Reviewed May 9, 2008.
Pantheon Books, New York, 2007. 213 pages.
Sonderbooks Stand-out 2007: #5, Fiction: Romance
This book, the eighth in the series about The Number One Ladies' Detective Agency, is extra special, because my copy is signed by the author. I got to hear Alexander McCall Smith speak at George Mason University. His talk was every bit as funny and delightful as his books. I was completely enchanted. Of course, that didn't surprise me at all, since his books never fail to delight me.
I continue to strongly recommend this series to library patrons. I do urge you to begin at the beginning, with The No. 1 Ladies' Detective Agency. I think you will probably want to read the rest, and eagerly read each next installment.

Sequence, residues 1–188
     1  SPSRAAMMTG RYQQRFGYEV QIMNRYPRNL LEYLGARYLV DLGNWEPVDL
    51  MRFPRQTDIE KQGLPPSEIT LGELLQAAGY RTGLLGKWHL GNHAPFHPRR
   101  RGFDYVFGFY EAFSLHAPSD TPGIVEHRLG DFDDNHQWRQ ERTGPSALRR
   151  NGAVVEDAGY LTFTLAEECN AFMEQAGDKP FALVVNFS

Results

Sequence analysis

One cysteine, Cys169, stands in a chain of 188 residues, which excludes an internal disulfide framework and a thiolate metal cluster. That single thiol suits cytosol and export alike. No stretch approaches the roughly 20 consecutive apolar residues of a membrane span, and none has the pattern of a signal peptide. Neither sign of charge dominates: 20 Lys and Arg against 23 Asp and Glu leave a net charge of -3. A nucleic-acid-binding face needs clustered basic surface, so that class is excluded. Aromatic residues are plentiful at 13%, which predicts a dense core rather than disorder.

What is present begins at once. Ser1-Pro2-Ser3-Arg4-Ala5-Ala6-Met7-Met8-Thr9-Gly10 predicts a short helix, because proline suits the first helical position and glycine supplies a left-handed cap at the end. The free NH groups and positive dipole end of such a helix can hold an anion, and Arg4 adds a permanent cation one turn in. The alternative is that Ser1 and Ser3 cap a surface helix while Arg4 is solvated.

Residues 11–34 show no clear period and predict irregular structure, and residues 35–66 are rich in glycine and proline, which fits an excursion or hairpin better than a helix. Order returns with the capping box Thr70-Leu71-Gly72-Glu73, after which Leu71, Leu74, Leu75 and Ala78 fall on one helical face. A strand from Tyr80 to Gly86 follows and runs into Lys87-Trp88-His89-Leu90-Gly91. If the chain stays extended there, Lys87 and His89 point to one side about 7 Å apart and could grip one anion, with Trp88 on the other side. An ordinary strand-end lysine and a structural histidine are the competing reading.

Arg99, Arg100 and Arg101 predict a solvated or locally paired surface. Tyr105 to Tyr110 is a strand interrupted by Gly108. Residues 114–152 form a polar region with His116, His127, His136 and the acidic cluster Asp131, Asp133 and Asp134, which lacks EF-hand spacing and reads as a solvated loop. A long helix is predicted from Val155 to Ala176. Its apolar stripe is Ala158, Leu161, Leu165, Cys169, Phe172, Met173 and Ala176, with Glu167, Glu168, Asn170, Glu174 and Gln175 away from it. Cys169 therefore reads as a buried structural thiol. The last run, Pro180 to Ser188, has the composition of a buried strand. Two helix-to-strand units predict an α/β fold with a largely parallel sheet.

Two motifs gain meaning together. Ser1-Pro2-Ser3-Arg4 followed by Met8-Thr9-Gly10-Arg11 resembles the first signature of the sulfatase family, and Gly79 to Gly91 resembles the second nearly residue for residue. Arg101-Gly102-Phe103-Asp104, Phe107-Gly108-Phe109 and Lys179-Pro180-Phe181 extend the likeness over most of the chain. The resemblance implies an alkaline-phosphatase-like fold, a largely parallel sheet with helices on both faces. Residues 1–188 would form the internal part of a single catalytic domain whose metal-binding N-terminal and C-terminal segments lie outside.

In The Good Husband of Zebra Drive, will Mma Makutsi really leave the No. 1 Ladies' Detective Agency? The pleasant ups and downs of day to day life, as usual, are peppered with interesting cases. Another delightful book.
I will give a taste of the pleasant wisdom found in these books by listing some quotations I highlighted:
If there's bad behaviour, the quickest way of stopping it is to give more love. That always works, you know. People say that we must punish when there is wrongdoing, but if you punish you're only punishing yourself. And what's the point of that?
And that stopped the stealing. Trust did it. We trusted him, and he knew it. So he stopped stealing.
"What we are trying to do with these children," said Mma Potokwane suddenly, "is to give them good things to remember. We want to make so many good memories for them that the bad ones are pushed into a corner and forgotten."
There was no point in telling somebody not to cry, she had always thought; indeed there were times when you should do exactly the opposite, when you should urge people to cry, to start the healing that sometimes only tears can bring.
"That engine I've been working on will run so sweetly," he remarked as he poured his tea.
"Like life," she said.